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Code of Conduct

The Sumé community is dedicated to providing an inclusive and safe experience for everyone. The community is made up of a mixture of professionals from various fields, as well as volunteers from around the world, working in all aspects to make knowledge accessible and connect people passionate about the knowledge they want to share, learn and teach others.

Diversity is one of our great strengths, but it can also lead to communication problems and unhappiness. To that end, we have some basic rules that we ask people to follow. This code applies equally to all who are part of the Sumé community, founders, educators, mentors, and those who seek help and guidance.

This isn’t an exhaustive list of things that you can’t do. Instead, take it in its intended spirit - a guide to facilitate the enrichment of all of us and the technical and non-technical communities in which we participate.

This code of conduct applies to all spaces managed by the Sumé project. This includes Discord, GitHub, Social Networks (Reddit, Facebook, Twitter, Instagram), the mailing lists, Sumé events, and any other forums created by the project team that the community uses for communication. In addition, violations of this code outside these spaces can affect a person's ability to participate in them.

If you believe that someone is violating the code of conduct, we ask that you report it by email All reports will be kept confidential. In some cases, we can determine that a public statement will need to be made. If so, the identities of all victims and reporters will remain confidential, unless those individuals instruct us otherwise.

We have the right and responsibility to remove comments or other contributions that are not in accordance with this Code of Conduct or to temporarily or permanently ban any member for other behavior that they deem inappropriate, threatening, offensive, or harmful.

  • Be friendly and patient.
  • Be welcoming and use inclusive language. We strive to be a community that welcomes and supports people of all backgrounds and identities. This includes, but is not limited to members of any race, ethnicity, culture, national origin, color, immigration status, social and economic class, educational level, sex, sexual orientation, gender identity and expression, age, size, family status, political belief, religion, and mental and physical ability.
  • Be considerate. Your work will be used by other people, just as you will depend on other people's work. Whatever decision you make will affect users and colleagues, and you should take those consequences into account when making decisions.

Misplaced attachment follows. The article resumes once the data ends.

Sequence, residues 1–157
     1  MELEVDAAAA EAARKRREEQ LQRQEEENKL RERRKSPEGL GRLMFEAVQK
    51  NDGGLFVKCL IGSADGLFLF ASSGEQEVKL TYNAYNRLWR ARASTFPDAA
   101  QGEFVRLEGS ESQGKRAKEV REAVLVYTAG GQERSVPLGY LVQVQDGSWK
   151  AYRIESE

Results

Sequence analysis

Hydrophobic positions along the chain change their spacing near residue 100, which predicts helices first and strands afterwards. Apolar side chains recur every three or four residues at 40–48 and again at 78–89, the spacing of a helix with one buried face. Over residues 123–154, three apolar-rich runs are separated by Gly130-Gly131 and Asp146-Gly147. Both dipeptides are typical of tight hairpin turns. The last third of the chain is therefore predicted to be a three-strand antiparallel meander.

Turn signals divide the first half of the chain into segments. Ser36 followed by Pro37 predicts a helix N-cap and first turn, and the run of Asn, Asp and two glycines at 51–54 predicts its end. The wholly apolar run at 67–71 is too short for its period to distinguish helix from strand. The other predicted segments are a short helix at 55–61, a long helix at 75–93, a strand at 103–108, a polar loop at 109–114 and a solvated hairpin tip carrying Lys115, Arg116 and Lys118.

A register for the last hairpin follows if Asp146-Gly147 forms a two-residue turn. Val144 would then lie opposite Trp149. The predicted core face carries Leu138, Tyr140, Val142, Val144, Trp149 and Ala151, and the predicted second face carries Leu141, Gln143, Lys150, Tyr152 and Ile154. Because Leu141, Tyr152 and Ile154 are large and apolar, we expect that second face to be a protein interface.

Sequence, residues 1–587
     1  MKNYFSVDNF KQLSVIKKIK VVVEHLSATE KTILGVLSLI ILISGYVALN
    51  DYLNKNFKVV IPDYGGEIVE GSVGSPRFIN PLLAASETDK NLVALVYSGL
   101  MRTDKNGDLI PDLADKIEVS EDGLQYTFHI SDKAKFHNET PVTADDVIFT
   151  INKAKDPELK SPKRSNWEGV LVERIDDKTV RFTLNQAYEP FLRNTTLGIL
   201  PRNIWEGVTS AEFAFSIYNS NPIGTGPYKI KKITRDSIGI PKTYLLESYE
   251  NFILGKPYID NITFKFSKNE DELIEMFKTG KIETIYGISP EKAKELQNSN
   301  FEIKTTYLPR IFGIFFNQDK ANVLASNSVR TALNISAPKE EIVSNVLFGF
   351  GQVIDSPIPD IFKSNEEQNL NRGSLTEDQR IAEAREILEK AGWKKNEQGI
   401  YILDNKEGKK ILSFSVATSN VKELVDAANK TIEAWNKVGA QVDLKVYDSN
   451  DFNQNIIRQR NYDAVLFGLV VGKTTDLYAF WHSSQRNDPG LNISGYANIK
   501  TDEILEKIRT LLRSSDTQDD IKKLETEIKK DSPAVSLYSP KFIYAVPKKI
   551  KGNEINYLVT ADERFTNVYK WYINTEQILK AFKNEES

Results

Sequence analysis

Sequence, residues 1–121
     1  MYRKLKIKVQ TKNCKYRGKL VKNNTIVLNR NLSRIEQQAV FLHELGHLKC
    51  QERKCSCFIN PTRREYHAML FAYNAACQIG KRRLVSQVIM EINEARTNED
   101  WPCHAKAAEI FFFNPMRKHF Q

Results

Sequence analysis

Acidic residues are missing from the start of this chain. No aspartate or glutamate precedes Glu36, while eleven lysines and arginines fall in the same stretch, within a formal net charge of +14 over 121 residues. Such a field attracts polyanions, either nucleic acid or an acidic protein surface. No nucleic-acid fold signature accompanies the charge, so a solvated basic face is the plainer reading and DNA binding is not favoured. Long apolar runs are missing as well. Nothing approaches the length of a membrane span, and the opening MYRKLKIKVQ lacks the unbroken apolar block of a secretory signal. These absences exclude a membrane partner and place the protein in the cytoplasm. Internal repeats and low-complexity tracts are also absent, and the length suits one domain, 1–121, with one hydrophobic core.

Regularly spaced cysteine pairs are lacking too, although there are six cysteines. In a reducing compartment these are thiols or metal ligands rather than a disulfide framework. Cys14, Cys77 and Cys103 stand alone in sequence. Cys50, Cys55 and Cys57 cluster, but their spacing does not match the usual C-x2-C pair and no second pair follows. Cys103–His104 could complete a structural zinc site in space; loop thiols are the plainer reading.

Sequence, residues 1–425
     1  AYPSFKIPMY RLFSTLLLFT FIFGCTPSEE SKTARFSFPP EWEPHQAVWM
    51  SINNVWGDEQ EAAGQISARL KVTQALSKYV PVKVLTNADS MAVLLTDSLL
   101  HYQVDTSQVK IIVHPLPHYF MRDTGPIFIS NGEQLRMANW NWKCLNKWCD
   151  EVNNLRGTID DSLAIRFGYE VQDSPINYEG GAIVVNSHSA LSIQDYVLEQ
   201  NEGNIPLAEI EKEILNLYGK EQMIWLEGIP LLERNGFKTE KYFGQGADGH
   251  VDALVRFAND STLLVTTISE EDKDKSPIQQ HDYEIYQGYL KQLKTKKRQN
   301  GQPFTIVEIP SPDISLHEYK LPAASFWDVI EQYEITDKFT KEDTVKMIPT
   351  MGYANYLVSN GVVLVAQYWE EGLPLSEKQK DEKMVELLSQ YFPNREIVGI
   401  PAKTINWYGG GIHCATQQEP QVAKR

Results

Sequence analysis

• Be respectful. Not all of us will agree all the time, but disagreement is no excuse for bad behavior and poor manners. We may all experience some frustration from time to time, but we cannot allow that frustration to become a personal attack. It’s important to remember that a community where people feel uncomfortable or threatened is not a productive one.
  • Be careful in the words that you choose. We are a community that values ethics and we conduct ourselves ethically. Be kind to others. Do not insult or put down other participants. Harassment and other exclusionary behavior aren't acceptable. This includes, but is not limited to:
    • Derogatory public/private comments with threats or offensive comments related to gender, gender identity and expression, sexual orientation, disability, mental illness, neuro(a)typicality, physical appearance, body size, race, or religion.
    • Unwelcome comments regarding a person’s lifestyle choices and practices, including those related to food, health, parenting, drugs, and employment.
    • Personal insults, especially those using racist or sexist terms.
    • Discriminatory jokes and language.
    • Posting (or threatening to post) others' private information, such as a physical or electronic address, without explicit permission.
    • Posting sexually explicit or violent material.
    • Unwanted sexual advances and attention.
    • Advocating for, or encouraging, any of the above behavior.
  • Be constructive. Disagreements, both social and technical, happen all the time. When we disagree, try to understand why. It is important that we resolve disagreements constructively. Remember that we’re different and different people have different perspectives on issues. Being unable to understand why someone holds a viewpoint doesn’t mean that they’re wrong. Don’t forget that it is human to err and blaming each other doesn’t get us anywhere. Instead, focus on helping to resolve issues and learning from mistakes.

Based on the text of the Django Project